The stock market appears more undervalued now, at 7.5% below my fair value estimate, than it has in recent months. Corporate earnings are supportive of a stock market value between 9,600 and 16,000, depending on outlook. The mid-point is 12,400, with the market level at 11,500. It could always go lower, but it appears cheap at the moment.


I admit, I got sidetracked. Instead of writing a blog post for today, I read everything on this chart:

It reminds me a little of an Andex chart, in that it’s packed with too much information. But in this case, the information is way more dense. The artist listed 5 (6) things that he learned in researching the chart. Here are five things I learned:

  1. A dinner at McDonald’s is cheaper than a homemade chicken dinner, or even a homemade dinner of pinto beans and rice, if you include shopping for two hours, travel, prep and cleanup (at $16.27/hr). The moral: don’t shop every single day.
  2. Between 1965 and 2007, worker compensation has remained constant, after adjusting for inflation. CEO compensation, conversely, has exploded. In 1965, a CEO earned 25x the hourly wage of a worker. In 2007, the CEO earned 275x the worker’s wage.
  3. In America (and probably across Western democracies), the government taxes the rich more than the poor, but FAR from proportionally to their income generation.
  4. The American government currently funds about 40% of its spending programs using debt. On a related note, Canada has a little more debt than the US in proportion to GDP.
  5. The combined pay at banks and Wall Street firms is about half of combined teachers’ salaries. In a similar vein, government spending on K-12 education (in the US) is less than a third of total spending (including privately) on health care.
  6. In the US, the government consumes almost 14% of GDP. In contrast, education costs 1.1% of GDP.

Market Outlook November 21, 2011

Volatility remains persistently high, closing the week at 32. I’m less concerned by the level, but more concerned by the fact that it is not trending downward. Stocks lost more than 3% this past week, moving the market valuation to a level where it appears undervalued. I had thought that stocks would continue their recovery on a fairly smooth trajectory, but that has not been the case. The market seems to be predicting corporate profit growth of less than 0% (-0.87%) over the next 12 months.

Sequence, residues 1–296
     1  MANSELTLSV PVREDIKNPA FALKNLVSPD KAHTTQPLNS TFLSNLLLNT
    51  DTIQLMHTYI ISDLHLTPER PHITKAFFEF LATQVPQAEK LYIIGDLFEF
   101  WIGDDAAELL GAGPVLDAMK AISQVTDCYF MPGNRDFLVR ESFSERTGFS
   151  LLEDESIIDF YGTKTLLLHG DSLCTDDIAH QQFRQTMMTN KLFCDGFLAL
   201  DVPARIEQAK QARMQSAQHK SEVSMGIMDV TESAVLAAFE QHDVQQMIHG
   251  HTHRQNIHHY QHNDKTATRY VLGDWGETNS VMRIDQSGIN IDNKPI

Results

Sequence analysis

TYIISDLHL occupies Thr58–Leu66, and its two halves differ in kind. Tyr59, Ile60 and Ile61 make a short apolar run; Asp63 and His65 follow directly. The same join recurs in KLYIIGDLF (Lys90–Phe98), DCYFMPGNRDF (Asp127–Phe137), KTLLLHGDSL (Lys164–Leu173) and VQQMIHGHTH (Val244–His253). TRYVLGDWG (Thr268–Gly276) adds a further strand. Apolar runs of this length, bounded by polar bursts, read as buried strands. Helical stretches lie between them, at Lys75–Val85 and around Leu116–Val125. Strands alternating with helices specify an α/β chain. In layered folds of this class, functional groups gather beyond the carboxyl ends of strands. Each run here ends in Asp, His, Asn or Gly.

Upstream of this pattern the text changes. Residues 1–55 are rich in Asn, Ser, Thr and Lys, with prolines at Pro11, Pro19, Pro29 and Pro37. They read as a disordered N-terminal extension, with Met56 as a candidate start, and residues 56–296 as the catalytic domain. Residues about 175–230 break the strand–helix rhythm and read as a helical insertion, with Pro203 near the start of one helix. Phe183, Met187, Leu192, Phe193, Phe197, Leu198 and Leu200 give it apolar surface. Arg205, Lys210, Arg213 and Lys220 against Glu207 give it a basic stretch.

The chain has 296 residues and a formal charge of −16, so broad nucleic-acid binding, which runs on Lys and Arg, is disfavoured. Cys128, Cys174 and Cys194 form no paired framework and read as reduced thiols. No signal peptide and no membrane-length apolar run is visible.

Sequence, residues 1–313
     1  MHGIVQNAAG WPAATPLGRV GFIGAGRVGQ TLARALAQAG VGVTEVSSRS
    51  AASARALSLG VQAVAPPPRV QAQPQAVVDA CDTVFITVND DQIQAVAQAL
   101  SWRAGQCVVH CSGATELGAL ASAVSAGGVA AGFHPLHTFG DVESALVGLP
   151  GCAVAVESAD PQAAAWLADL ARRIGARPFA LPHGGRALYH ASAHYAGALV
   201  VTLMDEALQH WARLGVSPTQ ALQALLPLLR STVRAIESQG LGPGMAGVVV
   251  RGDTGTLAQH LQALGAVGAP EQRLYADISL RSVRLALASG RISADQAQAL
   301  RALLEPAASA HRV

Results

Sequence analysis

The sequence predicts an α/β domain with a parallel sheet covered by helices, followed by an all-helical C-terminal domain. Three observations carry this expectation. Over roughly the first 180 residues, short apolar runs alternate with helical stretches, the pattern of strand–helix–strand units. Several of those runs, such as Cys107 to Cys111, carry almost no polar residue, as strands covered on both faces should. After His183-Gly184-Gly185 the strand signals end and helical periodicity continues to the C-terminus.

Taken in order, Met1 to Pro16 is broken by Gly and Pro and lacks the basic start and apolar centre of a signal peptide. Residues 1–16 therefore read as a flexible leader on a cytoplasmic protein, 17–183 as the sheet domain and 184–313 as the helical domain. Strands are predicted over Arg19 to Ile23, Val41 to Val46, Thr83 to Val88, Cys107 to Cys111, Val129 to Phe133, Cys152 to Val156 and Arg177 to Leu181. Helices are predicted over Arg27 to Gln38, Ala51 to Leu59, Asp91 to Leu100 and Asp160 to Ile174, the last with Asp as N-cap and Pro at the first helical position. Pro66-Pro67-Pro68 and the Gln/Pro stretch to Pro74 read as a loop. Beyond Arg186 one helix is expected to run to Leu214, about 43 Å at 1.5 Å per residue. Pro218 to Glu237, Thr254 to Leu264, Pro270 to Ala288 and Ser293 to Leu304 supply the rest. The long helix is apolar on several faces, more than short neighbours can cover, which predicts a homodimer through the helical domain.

Bonds continue to have the greater momentum, and a portfolio that is balanced between stocks, bonds and cash should still be overweight bonds. Among all asset classes (that I track), gold (IGT) continues to present the best prospects. Other assets sometimes have a couple weeks of growth, only to reverse direction and give back the gains.

While I’m not ready to commit money to equities by selling gold, the market looks cheap. Investors who are patient, with a long time horizon, or who don’t mind watching their investments go down before going up, may be wise to buy now. The markets have already made a low on Oct 4 (of just under 11,200) and seem to have reversed course and begun the recovery. There are plenty of bargains, for those with the stomache for them.

Stock Market Rhythms

Ned Goodman, long-time professional investor in Canada, likes to say that history may not repeat itself, but it often rhymes. There are many views that, while history may not predict the future, we can learn from history. There is also a sense that, when investing, timing is important. Here are various perspectives on the rhythm of market movements.

Wave theory exists on a number of scales. The Elliot Wave Theory, for example, suggests that patterns exist in scales of decades, years, months, days, hours and minutes. Further, it suggests a regular up-down-up pattern.

Technical cycles suggest that the market changes direction or changes rhythm on predictable timeframes. These might be cycles of 21 days and 105 days, or it might be cycles (based on moving averages) of 50 days and 200 days. Looking at these timeframes will help a market watcher to predict how long the current trend will last, and whether the trend is likely to reverse itself.

On the one hand, these cycles may have a base in human psychology. People tend to change their mood based on their circumstances, their environment and the moods of others around them. This is demonstrated in seasonality and herding in the market. On the other hand, our human brains are basically sensitive pattern-detectors. Because we are so determined to find patterns (which easily compress, to save memory and decoding effort), it becomes easy to see patterns even in randomness. It is very difficult to know whether cycles exist, possibly due to human behaviour, or whether we are finding patterns in noise.